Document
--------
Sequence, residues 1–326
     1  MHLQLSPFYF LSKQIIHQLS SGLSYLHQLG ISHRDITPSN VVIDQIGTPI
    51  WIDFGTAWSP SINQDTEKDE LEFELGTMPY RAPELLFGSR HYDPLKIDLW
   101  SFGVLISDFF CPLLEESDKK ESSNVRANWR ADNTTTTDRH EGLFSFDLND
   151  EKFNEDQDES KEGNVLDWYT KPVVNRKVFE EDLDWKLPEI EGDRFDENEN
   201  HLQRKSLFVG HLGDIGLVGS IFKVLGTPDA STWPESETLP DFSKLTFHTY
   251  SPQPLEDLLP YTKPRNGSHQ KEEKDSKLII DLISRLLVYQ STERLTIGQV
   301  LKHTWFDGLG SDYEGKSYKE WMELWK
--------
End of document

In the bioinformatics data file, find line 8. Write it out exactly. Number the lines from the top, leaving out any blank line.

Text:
   301  LKHTWFDGLG SDYEGKSYKE WMELWK